I wish I’d thought of this back when I was President, but it was Representative Henry Hyde who came up with the idea in 1997 and got it through Congress and signed by The Right Reverend Seamus Shagnasty there in the White House. The first day of May, officially celebrated in dozens of other countries as International Workers’ Day, was from 1999 forward designated in the United States as “Loyalty Day.”

You see the sheer, vicious, deliberate irony of it, making a boundary-breaking day celebrating the rights of workers across the globe, a day with origins here in the US, into a day of saluting the state and its vehicles. For of course May Day began as an annual remembrance of the striking workers massacred by Chicago police in Haymarket Square on May 4, 1886.

Presidents Clinton, Bush and Obama have issued annual proclamations of Loyalty Day every year since. Here are the ones issued by President Bush; here, the ones by President Obama. They range from militant to mawkish, sometimes both on the same short page.

I don’t remember anyone making much of a fuss about the Loyalty Day-May Day conjunction during the years between 1999 and now. (I spent much of that time memorizing the lyrics to songs from 17 Mekons albums; may have missed some above-ground events. “It looks like an accident/caused by the government/good people with good intent/paving the highway down …”) This year, though, what with the usual energy amplified by the Occupy movement and others, the Loyalty Day proclamation caught someone’s eye and was made widely known.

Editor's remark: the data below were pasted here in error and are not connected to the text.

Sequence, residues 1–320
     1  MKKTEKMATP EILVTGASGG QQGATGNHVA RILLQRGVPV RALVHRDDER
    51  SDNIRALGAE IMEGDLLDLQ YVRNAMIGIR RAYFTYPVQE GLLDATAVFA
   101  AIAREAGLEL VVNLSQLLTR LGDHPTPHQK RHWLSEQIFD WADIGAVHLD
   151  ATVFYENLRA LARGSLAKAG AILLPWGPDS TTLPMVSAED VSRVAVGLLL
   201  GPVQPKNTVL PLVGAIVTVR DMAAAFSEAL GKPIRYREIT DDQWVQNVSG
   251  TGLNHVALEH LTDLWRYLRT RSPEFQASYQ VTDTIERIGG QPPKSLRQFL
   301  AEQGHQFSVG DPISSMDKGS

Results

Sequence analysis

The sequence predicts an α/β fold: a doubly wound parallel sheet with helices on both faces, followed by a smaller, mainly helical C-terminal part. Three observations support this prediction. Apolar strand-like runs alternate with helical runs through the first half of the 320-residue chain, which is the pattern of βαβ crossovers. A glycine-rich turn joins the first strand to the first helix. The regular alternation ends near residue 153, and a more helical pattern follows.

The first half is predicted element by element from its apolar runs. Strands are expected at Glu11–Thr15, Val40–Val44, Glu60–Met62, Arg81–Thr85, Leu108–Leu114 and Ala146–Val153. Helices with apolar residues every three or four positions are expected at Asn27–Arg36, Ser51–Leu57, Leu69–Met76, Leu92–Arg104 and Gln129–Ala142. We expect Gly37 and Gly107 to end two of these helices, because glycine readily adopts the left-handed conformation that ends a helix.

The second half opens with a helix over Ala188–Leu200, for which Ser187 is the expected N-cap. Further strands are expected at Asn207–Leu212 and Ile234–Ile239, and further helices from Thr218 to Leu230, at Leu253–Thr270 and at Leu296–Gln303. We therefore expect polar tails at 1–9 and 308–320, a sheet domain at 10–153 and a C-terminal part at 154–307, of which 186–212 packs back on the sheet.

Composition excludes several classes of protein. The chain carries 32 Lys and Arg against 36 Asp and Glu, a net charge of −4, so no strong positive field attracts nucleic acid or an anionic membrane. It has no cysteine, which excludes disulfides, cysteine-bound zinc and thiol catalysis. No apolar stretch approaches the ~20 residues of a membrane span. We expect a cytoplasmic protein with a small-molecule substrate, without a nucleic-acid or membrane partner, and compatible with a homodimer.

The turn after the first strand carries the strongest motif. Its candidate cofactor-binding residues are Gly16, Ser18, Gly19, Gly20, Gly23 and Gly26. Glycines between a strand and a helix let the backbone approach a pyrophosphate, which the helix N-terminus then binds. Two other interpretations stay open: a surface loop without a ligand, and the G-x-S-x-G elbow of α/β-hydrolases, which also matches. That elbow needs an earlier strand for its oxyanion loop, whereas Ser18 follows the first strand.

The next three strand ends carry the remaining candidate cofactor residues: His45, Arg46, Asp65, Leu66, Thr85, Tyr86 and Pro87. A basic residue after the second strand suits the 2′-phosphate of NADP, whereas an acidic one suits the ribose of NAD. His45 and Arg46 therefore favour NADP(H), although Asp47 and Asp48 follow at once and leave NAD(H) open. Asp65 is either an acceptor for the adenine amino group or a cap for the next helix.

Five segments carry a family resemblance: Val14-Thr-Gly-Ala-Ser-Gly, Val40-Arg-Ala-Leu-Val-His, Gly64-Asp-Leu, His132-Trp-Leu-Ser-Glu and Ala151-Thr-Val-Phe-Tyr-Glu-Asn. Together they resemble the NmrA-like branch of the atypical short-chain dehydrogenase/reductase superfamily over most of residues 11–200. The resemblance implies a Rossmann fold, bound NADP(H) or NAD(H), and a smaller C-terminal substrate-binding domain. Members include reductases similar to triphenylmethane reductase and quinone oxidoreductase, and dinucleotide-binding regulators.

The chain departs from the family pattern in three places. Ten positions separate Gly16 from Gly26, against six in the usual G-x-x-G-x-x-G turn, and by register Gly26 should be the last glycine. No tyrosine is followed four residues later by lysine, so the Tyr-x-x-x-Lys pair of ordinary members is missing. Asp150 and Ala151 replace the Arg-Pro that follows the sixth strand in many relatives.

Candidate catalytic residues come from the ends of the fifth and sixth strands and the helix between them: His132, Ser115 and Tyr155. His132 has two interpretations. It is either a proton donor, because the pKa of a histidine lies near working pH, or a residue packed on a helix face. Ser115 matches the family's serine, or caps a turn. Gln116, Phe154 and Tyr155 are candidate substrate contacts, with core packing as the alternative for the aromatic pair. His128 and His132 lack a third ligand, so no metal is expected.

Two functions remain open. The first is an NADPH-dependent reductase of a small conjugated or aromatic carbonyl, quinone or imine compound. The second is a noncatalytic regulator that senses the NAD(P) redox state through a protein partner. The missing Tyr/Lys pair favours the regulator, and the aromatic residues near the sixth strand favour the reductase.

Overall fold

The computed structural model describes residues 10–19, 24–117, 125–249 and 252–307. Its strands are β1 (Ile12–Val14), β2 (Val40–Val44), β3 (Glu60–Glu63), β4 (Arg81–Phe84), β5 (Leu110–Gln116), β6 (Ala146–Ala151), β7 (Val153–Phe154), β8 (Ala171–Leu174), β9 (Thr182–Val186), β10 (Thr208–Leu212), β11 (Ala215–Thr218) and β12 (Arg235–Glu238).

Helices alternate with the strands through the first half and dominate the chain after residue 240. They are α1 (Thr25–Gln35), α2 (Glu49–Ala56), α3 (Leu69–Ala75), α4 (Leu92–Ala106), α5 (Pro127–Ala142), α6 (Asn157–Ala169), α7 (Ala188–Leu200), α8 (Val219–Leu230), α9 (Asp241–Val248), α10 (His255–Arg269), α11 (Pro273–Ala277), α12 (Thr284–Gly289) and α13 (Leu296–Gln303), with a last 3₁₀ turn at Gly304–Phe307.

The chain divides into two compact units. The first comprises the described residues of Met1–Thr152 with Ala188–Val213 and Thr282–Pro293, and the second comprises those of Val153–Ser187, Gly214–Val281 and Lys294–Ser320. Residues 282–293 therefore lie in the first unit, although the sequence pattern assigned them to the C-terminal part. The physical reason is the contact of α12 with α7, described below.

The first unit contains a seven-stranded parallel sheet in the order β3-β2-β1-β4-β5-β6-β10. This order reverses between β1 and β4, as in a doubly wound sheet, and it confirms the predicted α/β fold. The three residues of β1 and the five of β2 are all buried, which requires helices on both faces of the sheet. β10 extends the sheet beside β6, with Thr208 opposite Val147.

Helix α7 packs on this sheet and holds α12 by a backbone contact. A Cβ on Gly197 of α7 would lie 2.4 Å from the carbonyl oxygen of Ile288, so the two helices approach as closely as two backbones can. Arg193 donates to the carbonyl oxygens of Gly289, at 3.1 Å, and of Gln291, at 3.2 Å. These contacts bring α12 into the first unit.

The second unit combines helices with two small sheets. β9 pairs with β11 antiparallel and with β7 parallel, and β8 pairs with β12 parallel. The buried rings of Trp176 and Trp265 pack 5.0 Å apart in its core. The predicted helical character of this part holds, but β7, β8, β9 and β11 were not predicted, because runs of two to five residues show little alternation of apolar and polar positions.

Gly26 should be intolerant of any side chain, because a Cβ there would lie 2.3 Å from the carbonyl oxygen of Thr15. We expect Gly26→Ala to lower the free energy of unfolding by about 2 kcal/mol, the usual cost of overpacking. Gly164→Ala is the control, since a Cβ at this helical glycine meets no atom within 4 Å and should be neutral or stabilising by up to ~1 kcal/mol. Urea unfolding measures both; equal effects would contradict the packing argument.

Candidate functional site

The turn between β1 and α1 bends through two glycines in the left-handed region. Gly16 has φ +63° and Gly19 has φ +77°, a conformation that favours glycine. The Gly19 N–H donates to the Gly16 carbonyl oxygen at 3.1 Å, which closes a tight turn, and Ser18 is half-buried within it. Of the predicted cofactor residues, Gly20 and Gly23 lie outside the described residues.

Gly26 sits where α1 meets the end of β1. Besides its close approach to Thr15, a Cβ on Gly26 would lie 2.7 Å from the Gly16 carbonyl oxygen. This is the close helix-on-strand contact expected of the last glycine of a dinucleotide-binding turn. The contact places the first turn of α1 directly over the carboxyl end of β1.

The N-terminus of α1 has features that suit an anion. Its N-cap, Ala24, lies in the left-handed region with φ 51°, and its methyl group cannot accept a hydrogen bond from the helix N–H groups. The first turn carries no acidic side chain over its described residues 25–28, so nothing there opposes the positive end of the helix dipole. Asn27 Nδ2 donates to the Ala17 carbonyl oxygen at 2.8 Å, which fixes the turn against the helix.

Great idea, though, isn’t it? While everybody else across the world is celebrating the independence of workers everywhere, we’re proclaiming Loyalty Day. Never mind that perhaps 12 people celebrate it. You can be sure that I would have played it for everything it was worth, however much or little, when these people took over my beloved Mall. They were flying balloons to keep the helicopters at bay. Fucking balloons.

Here in the United States, May Day is celebrated in a more parochial fashion on the first Monday in September. It’s only for us, and for the Canadians if anyone happens to remember them. Given the degree to which labor has fallen from grace, perhaps we’ll see someone move to rename Labor Day as Fealty Day, when the workers gather along the streets in caps and bonnets to doff for the ritual forelock tug as The Owners ride by.

You cannot imagine the beatific smiles in which Wall Street faces were wreathed when the last two years of cascading profits and soaring markets combined with high unemployment to bring home the possibility of a worker-free economy. You cannot imagine. Redundacy Day.

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